Further consideration will be given to the transposition of article 8.2 of the directive, which requires the introduction of individual producer responsibility (IPR) for all EEE placed on the market after 13 August 2005. This will include discussion with the Commission and other member states on the precise requirement of this article and the practical consideration for the introduction of an effective and cost-efficient system.
The Government have established the WEEE Advisory Body (WAB), an independent non-governmental public body to provide advice on the issues arising from the implementation and operation of the UK WEEE system. One area for consideration will be recommendations by the WAB on how the UK can move to a system of IPR.
The Department will be monitoring compliance of the WEEE regulations and working with enforcement authorities who will be undertaking activities to raise awareness within the producer and retail sectors to ensure those affected by the WEEE regulations are aware of their requirements.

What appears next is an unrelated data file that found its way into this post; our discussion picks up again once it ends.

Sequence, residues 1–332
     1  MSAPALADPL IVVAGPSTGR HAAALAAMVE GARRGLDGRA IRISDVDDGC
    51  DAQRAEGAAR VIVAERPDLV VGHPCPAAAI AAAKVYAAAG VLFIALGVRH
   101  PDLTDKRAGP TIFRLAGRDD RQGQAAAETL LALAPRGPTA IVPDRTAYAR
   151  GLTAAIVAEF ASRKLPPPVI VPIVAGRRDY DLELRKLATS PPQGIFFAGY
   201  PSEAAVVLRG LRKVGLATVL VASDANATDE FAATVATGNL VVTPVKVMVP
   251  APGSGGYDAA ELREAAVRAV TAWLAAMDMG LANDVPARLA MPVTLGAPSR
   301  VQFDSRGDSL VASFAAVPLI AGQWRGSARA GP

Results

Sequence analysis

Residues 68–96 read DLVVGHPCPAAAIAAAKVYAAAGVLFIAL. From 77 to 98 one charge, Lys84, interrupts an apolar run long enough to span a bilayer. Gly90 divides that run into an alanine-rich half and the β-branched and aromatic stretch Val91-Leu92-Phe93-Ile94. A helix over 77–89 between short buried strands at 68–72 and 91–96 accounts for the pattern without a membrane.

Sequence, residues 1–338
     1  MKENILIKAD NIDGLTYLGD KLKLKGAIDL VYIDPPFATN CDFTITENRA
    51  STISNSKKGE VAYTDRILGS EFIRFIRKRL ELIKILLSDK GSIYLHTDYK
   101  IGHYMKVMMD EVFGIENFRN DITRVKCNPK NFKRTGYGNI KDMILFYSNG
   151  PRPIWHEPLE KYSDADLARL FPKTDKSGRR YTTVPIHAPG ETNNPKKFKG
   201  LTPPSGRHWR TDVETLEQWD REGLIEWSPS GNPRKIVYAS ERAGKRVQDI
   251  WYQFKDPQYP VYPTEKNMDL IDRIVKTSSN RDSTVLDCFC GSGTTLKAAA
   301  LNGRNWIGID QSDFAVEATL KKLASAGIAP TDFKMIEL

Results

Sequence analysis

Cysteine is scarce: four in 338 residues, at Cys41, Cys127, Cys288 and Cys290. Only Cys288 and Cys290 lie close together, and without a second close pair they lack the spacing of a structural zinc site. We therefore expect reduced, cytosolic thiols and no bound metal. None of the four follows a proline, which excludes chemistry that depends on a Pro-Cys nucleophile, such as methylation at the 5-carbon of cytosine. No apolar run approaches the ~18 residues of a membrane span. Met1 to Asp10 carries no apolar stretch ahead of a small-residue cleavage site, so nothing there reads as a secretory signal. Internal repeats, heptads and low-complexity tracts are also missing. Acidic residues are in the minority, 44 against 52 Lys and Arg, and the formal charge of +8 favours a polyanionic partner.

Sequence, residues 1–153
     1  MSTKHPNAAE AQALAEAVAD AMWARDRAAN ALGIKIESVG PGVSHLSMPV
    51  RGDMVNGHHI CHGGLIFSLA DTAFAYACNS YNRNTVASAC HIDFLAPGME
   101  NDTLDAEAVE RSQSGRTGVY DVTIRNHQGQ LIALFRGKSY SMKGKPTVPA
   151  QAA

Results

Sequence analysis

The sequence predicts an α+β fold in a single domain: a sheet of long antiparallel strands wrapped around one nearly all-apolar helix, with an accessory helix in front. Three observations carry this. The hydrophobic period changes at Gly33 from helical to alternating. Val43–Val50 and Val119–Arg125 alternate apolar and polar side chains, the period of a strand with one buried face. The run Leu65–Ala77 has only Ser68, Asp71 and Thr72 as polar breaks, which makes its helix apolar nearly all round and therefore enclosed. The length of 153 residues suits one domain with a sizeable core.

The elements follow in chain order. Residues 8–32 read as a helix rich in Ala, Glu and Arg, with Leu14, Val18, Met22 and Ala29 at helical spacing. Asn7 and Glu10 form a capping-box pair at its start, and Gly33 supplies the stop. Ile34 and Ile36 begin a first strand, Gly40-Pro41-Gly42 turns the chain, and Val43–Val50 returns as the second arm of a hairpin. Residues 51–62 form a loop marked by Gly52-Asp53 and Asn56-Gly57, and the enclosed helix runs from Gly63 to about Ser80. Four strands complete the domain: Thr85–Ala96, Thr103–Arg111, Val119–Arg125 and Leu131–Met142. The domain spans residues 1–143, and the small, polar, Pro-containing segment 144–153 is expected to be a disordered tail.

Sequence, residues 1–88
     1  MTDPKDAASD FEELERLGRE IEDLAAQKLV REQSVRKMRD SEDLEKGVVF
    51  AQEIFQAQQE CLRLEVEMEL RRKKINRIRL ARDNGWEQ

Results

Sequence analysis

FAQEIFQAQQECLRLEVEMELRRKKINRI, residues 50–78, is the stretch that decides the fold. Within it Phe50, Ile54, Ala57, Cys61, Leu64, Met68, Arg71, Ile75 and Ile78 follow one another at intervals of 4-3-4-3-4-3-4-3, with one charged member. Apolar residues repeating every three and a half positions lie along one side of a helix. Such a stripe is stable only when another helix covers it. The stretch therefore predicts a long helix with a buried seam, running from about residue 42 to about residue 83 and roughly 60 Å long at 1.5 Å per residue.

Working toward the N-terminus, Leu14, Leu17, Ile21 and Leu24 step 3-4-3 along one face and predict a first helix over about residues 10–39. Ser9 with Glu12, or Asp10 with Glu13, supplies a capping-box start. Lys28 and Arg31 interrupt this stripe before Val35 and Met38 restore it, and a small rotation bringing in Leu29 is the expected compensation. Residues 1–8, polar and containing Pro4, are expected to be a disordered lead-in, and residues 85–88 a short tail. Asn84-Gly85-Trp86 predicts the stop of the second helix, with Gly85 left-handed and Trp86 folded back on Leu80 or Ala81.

Mark Pritchard: To ask the Secretary of State for Business, Enterprise and Regulatory Reform how many depositors have withdrawn their savings from the Post Office network since 17 February 2008; and if he will make a statement. 
Mr. McFadden [holding answer 22 February 2008]: This is an operational matter for Post Office Ltd. (POL). I have therefore asked Alan Cook, Managing Director of POL, to reply direct to the hon. Member.
Mr. Prisk: To ask the Secretary of State for Business, Enterprise and Regulatory Reform whether compensation for the compulsory purchase of a community-owned post office branch is payable to (a) the not-for-profit company which owns the post office franchise and (b) the individual who rents and runs the franchise. 
Mr. Prisk: To ask the Secretary of State for Business, Enterprise and Regulatory Reform what provision there is for a community-owned post office branch earmarked for closure to remain open if (a) the local community is prepared to forego the post office salary and (b) a third party is prepared to pay the operating costs.